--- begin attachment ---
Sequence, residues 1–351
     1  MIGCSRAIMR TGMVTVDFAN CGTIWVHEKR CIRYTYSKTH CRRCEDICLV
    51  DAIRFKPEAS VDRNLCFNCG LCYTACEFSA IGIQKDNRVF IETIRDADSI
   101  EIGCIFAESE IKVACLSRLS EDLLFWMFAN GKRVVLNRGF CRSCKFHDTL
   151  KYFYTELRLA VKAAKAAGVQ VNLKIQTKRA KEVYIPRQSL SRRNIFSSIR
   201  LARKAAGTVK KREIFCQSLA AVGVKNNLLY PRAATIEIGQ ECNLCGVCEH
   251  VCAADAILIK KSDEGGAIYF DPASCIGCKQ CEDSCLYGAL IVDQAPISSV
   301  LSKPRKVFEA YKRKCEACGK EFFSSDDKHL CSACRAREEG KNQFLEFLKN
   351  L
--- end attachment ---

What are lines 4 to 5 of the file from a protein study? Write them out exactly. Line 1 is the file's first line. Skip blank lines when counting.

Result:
   101  EIGCIFAESE IKVACLSRLS EDLLFWMFAN GKRVVLNRGF CRSCKFHDTL
   151  KYFYTELRLA VKAAKAAGVQ VNLKIQTKRA KEVYIPRQSL SRRNIFSSIR